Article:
Recommendations for the treatment of invasive mycoses have to consider the prophylactic regimens, but so far, studies in this field are lacking. Therefore, the expert group recommends the switch to another class of antifungal agent, but to take into account an inadequate exposition to the prophylactic agent (CIII).

Duration of antifungal treatment

Generally, the antifungal therapy should be continued during the period of neutropenia and until the manifestations of IA have been completely resolved or are reduced to residual scarring, up to 12 weeks [65] (BIII).

Other manifestations

Invasive sinus aspergillosis

Severe Aspergillus sinusitis most often occurs in allogeneic stem cell transplant recipients (2–3 %) and is primarily caused by Aspergillus fumigatus or Aspergillus flavus [42, 182]. Frequently, additional surgical debridement is required (BII) (see “Interventional strategies”). Overall, Aspergillus sinusitis has been associated with a mortality rate of 26.1 % while treated with AmB formulations [95]. Therapy recommendations do not differ from pulmonary manifestations (see Table 2).
Table 2

Treatment of invasive Aspergillus infections in hemato-oncological patients

First-line treatment of invasive pulmonary aspergillosis

 Voriconazole

AI

 Liposomal AmB

AII

 Caspofungin

CII

 Micafungin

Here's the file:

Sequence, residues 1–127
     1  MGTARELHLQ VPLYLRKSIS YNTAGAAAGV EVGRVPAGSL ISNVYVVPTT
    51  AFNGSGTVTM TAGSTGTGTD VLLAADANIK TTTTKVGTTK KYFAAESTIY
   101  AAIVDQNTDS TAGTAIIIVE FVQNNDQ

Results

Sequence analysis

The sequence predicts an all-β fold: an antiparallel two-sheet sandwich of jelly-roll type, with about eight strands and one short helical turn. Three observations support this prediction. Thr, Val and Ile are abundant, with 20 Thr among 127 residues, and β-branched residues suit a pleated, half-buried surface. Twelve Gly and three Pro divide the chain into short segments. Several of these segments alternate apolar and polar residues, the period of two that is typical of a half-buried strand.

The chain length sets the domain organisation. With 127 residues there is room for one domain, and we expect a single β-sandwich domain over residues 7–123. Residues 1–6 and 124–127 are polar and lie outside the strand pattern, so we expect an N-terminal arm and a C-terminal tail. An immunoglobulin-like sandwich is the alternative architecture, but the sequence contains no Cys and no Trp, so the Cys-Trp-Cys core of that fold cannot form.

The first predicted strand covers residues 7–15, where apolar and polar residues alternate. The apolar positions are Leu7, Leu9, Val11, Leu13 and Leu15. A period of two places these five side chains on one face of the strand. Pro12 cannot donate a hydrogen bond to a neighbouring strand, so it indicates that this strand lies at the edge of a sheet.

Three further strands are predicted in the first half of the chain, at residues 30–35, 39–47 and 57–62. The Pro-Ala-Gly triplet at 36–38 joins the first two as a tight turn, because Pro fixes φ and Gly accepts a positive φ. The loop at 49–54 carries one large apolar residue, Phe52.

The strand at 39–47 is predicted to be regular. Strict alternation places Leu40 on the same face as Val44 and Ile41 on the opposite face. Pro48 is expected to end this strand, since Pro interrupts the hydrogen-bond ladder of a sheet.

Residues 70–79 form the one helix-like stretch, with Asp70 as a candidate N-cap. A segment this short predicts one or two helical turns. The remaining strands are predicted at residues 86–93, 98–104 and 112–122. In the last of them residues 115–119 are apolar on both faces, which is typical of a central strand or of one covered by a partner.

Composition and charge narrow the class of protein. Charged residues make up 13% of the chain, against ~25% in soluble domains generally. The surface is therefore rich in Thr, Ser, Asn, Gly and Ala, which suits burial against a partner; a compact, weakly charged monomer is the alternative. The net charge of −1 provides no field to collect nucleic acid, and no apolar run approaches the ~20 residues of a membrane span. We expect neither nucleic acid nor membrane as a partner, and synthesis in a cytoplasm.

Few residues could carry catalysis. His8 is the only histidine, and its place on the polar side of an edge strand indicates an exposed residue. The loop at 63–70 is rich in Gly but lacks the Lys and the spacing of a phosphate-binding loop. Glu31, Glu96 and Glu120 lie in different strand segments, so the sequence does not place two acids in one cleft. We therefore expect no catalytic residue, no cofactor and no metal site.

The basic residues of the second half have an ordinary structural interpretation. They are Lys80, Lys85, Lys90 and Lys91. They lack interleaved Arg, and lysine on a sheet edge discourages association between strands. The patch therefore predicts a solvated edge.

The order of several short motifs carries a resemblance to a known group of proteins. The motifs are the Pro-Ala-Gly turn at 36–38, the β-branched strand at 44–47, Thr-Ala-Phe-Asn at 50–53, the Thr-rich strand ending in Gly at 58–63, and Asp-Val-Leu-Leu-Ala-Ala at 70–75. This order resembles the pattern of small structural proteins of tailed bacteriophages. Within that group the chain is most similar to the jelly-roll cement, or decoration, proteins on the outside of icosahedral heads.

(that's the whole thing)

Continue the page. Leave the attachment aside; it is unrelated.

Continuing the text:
CII

 ABLC

CIII

 Anidulafungin + voriconazole

CIII

 D-AmB

EI

Second-line treatment of invasive pulmonary aspergillosis

 Voriconazole

BII

 Caspofungin

BII

 Posaconazole

BII

 Liposomal AmB

BII

 ABLC

BII

 Micafungin

CIII

 Voriconazole + caspofungin

CIII

CNS infection

 Voriconazole

AII

 Liposomal AmB (≥5 mg/kg)

BIII

 Surgical intervention

AII

Sinusitis

 Antifungals: see invasive pulmonary aspergillosis

 

 Surgical intervention

BII

Aspergillosis of the CNS

Aspergillus spp. rarely cause meningitis or micro-abscesses of the brain, but macro-abscesses—especially in severe immunosuppressed patients—are most often caused by A. fumigatus or A. flavus. Patients with aspergillosis within the CNS typically present with focal neurological signs such as pareses or seizures. Comparable studies regarding drug treatment of CNS aspergillosis do not exist, but it is clear that the prior standard therapy with D-AmB is not effective [161]. Due to its good permeability into the cerebrospinal fluid, voriconazole is recommended for primary treatment [152] and has shown a survival rate of 30–40 % [41, 159, 160] (AII). Successful therapy with L-AmB has also been reported in case reports [77, 161] and might be administered in case of contraindication, intolerance, or poor response to voriconazole (BIII). A retrospective study of 81 patients with CNS aspergillosis resulted in significantly better survival in patients undergoing surgery [160]. Therefore, surgical resection of singular lesions is recommended together with systemic antifungal treatment (AII).

Treatment of invasive Candida infections